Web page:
Another 50 miles south on the Mississippi River is the town of Burlington. Originally named Flint Hills, Burlington was incorporated as a town in 1837. The area's plentiful trees and timber allowed it to develop thriving lumber mills. From the 1850s until the 1880s Burlington also had furniture factories, railroad yards and repair shops, brickyards, grain elevators, carriage factories and food processors and wholesalers. During the 1840s and 1850s Burlington became the largest city in Iowa.
Located only 25 miles southeast is Fort Madison. In 1808 Fort Madison created as a site for a U.S. fort and trading post. The fort's location was significant as it was one of three posts to establish control over the area in the Louisiana Purchase. The fort was burned in 1813 after a siege by the Sauk tribe.
The city of Fort Madison was built around the ruins of the original fort. In 1839 Fort Madison became the site for a state penitentiary. The "pen", built by prisoners, is the oldest prison west of the Mississippi.
The southernmost town on the Mississippi is Keokuk. Named for the Chief Keokuk of the Suak tribe, Keokuk was first settled by the American Fur Company which opened a trading post in 1828. In 1830 Issac Galland built the first school in Iowa just nine miles north of Keokuk and in 1837 was also the first person to platt, or map, the area that would be come Keokuk. In 1847 the state legislature granted Keokuk their charter and it was officially a town.
Since the Des Moines River was the biggest and most navigable Iowa rive,r and Keokuk is located at the point where the Des Moines River meets the Mississippi River, it became a departure point for early white settlers. Keokuk also lies at the base of what were once the Des Moines Rapids of the Mississippi. Between 1910 and 1913 a dam was built at Keokuk. It stretches 4,500 feet to the huge powerhouse near the lock on the Iowa shore. The Keokuk generators had a capacity of 310,000 electrical horsepower. Keokuk became known as "Power City." Still in operation today, the lock and dam are on the National Register of Historic Places as is recognized as a significant contribution to structural engineering.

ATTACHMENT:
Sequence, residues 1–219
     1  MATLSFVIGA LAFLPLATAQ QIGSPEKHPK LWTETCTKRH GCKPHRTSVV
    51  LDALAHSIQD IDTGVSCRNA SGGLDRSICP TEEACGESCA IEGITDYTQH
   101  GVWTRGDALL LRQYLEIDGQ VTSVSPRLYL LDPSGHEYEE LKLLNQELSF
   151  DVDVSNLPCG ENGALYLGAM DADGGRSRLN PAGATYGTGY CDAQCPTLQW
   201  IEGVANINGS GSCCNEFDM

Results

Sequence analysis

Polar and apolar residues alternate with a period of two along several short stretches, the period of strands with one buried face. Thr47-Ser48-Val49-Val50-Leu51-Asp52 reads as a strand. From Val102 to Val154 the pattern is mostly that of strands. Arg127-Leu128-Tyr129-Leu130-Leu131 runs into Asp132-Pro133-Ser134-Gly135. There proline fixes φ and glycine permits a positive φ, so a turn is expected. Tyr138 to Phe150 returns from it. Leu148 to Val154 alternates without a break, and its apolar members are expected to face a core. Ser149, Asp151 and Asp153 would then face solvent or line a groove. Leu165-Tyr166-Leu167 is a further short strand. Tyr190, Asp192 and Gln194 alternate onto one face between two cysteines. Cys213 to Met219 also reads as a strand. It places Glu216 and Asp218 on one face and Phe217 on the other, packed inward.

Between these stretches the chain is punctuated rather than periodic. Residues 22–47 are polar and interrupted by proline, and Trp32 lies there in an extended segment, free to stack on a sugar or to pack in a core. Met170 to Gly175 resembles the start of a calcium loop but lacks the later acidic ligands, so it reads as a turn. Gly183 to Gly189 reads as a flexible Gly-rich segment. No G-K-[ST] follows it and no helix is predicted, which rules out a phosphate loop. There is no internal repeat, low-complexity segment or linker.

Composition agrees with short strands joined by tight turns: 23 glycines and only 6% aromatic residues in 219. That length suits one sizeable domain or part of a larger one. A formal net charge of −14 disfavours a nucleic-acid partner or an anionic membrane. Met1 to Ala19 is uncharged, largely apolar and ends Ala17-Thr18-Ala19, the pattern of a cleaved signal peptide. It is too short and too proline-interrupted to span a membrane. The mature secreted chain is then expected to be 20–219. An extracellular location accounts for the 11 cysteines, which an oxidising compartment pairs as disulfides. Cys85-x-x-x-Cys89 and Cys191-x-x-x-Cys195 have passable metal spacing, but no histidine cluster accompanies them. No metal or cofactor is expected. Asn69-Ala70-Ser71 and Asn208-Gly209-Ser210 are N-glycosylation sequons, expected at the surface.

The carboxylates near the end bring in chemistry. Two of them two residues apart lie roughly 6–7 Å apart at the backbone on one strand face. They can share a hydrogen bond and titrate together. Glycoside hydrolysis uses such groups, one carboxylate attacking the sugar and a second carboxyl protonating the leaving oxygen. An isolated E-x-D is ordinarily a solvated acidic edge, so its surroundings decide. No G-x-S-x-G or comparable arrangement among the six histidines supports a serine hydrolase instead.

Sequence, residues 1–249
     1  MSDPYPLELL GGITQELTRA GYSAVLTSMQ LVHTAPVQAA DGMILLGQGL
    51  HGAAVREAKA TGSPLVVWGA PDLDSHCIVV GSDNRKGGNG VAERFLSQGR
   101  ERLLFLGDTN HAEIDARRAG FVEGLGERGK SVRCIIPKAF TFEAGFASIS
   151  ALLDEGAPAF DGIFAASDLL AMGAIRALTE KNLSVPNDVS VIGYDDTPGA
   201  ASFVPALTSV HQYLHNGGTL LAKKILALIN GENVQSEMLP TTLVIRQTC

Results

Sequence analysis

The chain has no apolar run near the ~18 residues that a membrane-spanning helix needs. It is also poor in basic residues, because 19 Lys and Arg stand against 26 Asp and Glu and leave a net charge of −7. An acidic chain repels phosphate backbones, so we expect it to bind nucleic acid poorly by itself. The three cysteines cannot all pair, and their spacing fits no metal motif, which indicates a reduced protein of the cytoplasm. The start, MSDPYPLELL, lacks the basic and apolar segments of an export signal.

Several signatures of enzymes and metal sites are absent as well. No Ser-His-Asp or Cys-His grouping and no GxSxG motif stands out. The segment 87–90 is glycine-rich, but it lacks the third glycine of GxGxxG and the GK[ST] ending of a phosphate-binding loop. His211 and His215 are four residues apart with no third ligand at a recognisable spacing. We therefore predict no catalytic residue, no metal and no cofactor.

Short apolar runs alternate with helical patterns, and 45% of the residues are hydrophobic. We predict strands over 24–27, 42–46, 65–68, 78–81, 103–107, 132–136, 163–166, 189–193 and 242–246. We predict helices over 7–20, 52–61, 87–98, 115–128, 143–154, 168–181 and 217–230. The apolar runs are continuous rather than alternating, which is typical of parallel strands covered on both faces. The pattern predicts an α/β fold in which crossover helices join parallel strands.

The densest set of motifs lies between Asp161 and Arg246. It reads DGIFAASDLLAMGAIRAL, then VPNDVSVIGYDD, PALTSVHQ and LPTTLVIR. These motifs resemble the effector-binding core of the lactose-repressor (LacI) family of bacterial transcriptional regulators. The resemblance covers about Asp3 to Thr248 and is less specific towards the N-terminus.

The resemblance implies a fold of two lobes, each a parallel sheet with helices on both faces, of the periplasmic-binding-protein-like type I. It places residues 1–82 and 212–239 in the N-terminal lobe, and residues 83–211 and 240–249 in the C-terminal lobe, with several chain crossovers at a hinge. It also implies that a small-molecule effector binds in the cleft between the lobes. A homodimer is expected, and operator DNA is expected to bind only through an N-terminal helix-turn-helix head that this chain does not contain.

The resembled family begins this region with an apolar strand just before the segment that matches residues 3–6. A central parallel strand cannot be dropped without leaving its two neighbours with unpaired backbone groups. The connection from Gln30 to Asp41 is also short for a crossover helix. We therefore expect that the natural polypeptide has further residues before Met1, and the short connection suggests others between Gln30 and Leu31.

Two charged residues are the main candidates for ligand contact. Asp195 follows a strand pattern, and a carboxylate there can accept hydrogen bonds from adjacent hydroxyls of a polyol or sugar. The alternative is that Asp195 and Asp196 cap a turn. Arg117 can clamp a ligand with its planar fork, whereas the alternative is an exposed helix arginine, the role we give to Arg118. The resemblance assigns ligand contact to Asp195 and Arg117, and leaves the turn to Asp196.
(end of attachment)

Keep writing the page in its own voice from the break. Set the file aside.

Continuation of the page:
Iowa's Mississippi River towns share many characteristics. But each city is unique with its own flavor of commercial buildings, museums and houses. The people, with their diverse backgrounds, helped shape their towns into the colorful places they are today. Each has its own story to tell. As Iowa's settlers moved west, they carried many of the ideas and customs that were begun in the eastern river towns to the interior towns.